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American History

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African-Americans have worked extremely hard in order to end segregation, discrimination, and to attain equality and civil rights, which nowadays may be hard to believe, but in the late 1800's and early 1900's African-Americans were discriminated, segregated and "owned." Even worse, they would often see and hear things like "whites only" and "refusal of service" because of where they ate, drank and lived.

Segregation is the separation of humans into racial groups in daily life. It may apply to activities such as eating in a restaurant, drinking from a water fountain, using a public toilet, attending school, going to the movies, or in the rental or purchase of a home. This was the normal day in the life of an African-American, having someone tell them where they can and cannot eat, drink, entertain themselves or even where to live. Imagine that someone tells you, you cannot buy this house because you need to live in a lesser, run-down area because of the color of your skin. This is exactly how African-Americans lived during these times. According to Bowles, 2012, slavery began the civil war which led to further violence which in turn led to segregation. But just because this was the end of slavery, does not mean that the military leaders nor politicians can change the ingrained cultural beliefs of a people. The country was split between the North and the South; Northern white and in the Southern Blacks. African-Americans such as Malcolm X, Rosa Parks, and even more recent Barrack Obama have made significant steps to improve and even stop segregation. According to Bowles, 2011, American History 1865 to present End of Isolation, The Black Codes codified some of these feelings into law when in 1865 southern state governments created legislation that restricted and controlled the lives of the ex-slaves. These differed among states, but the Black Codes all shared some general provisions. African Americans could marry, but they outlawed intermarriage between the races. State governments prohibited African Americans from carrying guns, and they could not engage in work other than farming. Some of the codes restricted their travel. The most devastating aspect was the vagrancy clause, stating that if a freed slave did not perform work in accordance with these laws, they could be put in jail or "loaned" out for enforced work, which was another term for slavery. So, the white people who were decedents of slave owners thought they were above the African-Americans and they looked down on them. So, segregation was something that was an everyday occurrence which has lessened significantly because of African-American leaders. Segregation was not the only issue that African-Americans were facing, discrimination was another issue that faced nearly all of African-Americans.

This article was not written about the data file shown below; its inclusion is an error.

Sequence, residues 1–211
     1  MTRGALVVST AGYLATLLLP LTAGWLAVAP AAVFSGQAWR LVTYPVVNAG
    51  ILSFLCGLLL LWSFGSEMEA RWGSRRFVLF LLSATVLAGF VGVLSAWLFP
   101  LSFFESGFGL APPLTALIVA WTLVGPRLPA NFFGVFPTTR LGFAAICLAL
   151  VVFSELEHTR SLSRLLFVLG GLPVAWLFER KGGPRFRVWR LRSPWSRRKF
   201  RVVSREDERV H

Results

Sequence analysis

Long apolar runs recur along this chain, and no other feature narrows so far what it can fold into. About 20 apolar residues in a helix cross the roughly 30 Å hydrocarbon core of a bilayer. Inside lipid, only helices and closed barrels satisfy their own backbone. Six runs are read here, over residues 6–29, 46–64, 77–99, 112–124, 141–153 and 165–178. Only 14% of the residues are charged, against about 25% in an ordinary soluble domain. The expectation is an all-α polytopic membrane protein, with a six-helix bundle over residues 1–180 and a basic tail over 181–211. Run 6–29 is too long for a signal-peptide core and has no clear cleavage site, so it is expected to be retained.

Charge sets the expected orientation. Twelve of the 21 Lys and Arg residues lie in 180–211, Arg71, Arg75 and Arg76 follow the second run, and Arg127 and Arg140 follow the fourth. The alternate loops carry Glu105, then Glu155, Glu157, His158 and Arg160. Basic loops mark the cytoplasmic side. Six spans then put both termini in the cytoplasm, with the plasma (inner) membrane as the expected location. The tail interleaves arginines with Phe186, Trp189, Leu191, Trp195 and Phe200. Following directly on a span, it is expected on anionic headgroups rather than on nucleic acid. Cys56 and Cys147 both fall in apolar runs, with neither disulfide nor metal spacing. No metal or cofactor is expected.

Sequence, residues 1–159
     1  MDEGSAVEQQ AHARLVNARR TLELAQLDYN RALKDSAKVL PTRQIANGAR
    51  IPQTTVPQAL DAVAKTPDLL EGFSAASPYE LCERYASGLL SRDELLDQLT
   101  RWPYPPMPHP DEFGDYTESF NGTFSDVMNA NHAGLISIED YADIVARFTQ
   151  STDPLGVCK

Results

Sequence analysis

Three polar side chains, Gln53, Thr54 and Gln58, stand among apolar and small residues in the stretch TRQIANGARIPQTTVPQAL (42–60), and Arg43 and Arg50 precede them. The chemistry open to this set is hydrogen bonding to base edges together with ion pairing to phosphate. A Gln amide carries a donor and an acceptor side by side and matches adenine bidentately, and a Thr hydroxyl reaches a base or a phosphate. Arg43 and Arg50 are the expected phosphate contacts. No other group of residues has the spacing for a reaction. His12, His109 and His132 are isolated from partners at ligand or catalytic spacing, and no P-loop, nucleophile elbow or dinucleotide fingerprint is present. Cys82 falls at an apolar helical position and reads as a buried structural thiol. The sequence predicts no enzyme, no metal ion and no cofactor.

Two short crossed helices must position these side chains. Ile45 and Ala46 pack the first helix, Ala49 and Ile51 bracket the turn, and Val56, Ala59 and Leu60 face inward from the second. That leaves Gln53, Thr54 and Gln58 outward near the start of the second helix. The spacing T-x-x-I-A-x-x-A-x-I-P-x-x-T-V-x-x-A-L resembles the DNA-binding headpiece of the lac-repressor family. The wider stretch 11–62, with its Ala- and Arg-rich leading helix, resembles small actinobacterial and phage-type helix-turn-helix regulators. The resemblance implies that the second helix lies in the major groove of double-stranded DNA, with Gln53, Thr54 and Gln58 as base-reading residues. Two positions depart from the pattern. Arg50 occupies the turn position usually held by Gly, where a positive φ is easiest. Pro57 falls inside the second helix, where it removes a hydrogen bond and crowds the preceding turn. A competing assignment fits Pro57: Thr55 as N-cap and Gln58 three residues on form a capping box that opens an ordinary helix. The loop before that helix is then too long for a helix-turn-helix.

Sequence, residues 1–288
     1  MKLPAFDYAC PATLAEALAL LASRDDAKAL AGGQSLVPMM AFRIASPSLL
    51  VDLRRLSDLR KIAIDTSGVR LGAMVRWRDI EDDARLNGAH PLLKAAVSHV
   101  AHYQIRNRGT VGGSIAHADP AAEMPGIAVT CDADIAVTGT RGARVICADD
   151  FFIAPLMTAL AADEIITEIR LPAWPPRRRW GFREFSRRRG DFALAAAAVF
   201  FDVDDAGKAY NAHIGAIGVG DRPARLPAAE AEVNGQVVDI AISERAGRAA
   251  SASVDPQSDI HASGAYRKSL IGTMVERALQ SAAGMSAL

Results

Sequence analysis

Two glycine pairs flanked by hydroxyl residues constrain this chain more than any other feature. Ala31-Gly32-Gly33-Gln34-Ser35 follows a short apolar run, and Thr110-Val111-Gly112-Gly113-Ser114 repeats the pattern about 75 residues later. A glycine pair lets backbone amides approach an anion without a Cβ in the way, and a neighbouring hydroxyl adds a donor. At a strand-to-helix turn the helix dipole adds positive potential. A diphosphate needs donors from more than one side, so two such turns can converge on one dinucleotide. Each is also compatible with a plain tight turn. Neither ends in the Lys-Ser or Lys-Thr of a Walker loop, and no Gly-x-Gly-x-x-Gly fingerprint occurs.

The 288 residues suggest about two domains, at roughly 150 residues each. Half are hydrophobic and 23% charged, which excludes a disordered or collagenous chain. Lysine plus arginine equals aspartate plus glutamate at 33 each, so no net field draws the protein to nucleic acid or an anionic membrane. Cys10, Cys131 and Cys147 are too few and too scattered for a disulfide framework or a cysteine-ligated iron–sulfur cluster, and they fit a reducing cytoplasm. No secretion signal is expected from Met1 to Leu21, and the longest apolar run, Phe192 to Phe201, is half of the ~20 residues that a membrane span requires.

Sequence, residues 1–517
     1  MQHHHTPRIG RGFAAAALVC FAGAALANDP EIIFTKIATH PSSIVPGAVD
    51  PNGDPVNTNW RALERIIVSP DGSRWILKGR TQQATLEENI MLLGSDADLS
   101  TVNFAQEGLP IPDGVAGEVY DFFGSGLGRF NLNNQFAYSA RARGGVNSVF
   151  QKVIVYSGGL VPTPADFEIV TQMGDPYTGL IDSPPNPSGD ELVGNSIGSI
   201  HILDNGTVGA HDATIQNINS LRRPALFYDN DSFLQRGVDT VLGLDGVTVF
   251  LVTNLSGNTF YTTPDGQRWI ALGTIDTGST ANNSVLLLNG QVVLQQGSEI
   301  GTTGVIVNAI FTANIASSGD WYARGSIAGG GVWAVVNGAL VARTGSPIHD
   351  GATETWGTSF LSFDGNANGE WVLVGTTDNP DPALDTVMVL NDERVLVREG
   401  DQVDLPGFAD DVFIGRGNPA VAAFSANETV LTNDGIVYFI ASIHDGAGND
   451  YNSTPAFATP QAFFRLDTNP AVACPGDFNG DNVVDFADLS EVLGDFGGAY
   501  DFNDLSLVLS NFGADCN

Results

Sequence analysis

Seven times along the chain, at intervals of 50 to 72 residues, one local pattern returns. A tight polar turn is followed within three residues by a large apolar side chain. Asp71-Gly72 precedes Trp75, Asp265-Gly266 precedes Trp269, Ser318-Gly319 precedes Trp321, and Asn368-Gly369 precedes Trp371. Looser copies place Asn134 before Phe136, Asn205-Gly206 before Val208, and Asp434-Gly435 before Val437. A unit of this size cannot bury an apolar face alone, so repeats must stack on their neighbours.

Discrimination is the prejudicial treatment of an individual based on their membership in a certain group or category. It involves the actual behaviors towards groups such as excluding or restricting members of one group from opportunities that are available to another group; which began during and even after Andrew Johnson's presidency. The Constitutional amendment became the primary vehicle for changing toward a more equal nation. In simplest terms, an amendment is a formal process that adds to, or takes something away from the U.S. Constitution. While the Constitution itself established a democratic system of government, because of the necessity of compromise, it left several important issues vague or undefined. Examples included voting rights and citizenship, and the founders passed this to the states to decide. According to Bowles, 2011, American History 1865 to present End of Isolation, though slavery was the underlying reason for the war,



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